Modeling active cell movement with the Potts model

In the last decade, the cellular Potts model has been extensively used to model interacting cell systems at the tissue-level. However, in early applications of this model, cell movement was taken as a consequence of membrane fluctuations due to cell-cell interactions, or as a response to an external...

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Detalles Bibliográficos
Autores principales: Guisoni, Nara Cristina, Mazzitello, Karina Irma, Diambra, Luis Aníbal
Formato: Articulo
Lenguaje:Inglés
Publicado: 2018
Materias:
Acceso en línea:http://sedici.unlp.edu.ar/handle/10915/98114
https://ri.conicet.gov.ar/11336/84898
https://www.frontiersin.org/articles/10.3389/fphy.2018.00061/full
Aporte de:SEDICI (UNLP) de Universidad Nacional de La Plata Ver origen
Descripción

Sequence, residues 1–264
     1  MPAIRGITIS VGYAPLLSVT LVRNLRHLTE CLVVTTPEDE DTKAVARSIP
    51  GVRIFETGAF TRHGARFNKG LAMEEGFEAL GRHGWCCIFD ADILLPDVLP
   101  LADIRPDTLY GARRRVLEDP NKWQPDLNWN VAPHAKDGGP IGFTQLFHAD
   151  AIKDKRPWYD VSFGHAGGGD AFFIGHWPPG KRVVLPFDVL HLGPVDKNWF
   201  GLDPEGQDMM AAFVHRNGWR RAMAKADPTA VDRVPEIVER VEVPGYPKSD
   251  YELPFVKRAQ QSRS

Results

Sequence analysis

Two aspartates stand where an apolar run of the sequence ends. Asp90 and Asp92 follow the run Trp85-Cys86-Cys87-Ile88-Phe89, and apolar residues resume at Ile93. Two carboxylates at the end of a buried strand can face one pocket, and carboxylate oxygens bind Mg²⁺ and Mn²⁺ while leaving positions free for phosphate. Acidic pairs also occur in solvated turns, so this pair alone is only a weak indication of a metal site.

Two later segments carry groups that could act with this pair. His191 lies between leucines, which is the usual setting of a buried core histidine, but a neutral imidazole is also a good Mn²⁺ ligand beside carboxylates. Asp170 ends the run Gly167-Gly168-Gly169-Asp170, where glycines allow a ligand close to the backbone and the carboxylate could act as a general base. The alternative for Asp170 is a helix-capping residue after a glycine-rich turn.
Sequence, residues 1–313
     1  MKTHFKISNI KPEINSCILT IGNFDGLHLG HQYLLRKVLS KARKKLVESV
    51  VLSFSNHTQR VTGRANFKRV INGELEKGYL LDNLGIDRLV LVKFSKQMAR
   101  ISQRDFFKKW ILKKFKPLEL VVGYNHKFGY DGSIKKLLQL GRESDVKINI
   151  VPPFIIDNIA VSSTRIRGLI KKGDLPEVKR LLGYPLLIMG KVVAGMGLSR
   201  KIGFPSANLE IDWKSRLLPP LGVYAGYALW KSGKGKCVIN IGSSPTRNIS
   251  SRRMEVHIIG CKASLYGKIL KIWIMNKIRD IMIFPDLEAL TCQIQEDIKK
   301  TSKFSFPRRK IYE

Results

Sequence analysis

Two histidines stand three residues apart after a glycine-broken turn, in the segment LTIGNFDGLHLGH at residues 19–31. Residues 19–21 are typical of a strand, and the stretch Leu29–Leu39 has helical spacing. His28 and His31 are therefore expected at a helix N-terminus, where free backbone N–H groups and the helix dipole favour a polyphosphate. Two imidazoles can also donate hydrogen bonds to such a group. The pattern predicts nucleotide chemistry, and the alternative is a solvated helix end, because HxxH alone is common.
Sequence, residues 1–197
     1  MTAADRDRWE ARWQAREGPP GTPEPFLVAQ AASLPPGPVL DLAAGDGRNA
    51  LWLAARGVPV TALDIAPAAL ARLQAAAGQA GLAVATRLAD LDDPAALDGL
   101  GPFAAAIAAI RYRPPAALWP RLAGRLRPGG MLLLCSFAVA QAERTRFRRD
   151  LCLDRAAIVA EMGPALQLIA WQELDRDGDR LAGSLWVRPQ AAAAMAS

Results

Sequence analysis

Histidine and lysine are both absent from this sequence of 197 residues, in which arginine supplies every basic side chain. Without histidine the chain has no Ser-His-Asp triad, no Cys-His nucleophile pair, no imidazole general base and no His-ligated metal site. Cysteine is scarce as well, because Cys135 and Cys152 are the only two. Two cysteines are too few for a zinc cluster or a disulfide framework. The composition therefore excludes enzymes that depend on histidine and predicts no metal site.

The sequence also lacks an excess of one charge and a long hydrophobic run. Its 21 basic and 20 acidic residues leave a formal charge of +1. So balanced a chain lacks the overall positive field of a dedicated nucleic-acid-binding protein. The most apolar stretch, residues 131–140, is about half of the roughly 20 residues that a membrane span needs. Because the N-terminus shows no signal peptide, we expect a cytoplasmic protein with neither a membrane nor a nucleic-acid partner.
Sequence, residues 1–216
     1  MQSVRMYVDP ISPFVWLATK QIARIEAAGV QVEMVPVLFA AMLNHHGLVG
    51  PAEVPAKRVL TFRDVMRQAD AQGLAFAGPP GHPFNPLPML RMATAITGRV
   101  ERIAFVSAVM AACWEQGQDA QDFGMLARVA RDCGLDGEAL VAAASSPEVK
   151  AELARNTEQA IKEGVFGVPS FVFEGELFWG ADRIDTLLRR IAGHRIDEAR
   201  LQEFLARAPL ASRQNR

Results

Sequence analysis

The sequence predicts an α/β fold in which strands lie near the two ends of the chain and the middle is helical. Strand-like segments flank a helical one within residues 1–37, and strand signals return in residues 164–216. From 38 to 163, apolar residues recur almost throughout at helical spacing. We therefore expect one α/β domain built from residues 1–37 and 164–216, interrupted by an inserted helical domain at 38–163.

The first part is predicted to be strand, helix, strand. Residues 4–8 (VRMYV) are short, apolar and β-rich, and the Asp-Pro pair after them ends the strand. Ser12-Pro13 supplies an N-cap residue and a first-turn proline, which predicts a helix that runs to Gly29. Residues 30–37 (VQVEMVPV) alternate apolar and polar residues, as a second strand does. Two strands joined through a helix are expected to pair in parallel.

Sumario:In the last decade, the cellular Potts model has been extensively used to model interacting cell systems at the tissue-level. However, in early applications of this model, cell movement was taken as a consequence of membrane fluctuations due to cell-cell interactions, or as a response to an external chemotactic gradient. Recent findings have shown that eukaryotic cells can exhibit persistent displacements across scales larger than cell size, even in the absence of external signals. Persistent cell motion has been incorporated to the cellular Potts model by many authors in the context of collective motion, chemotaxis and morphogenesis. In this paper, we use the cellular Potts model in combination with a random field applied over each cell. This field promotes a uniform cell motion in a given direction during a certain time interval, after which the movement direction changes. The dynamics of the direction is coupled to a first order autoregressive process. We investigated statistical properties, such as the mean-squared displacement and spatio-temporal correlations, associated to these self-propelled <i>in silico</i> cells in different conditions. The proposed model emulates many properties observed in different experimental setups. By studying low and high density cultures, we find that cell-cell interactions decrease the effective persistent time.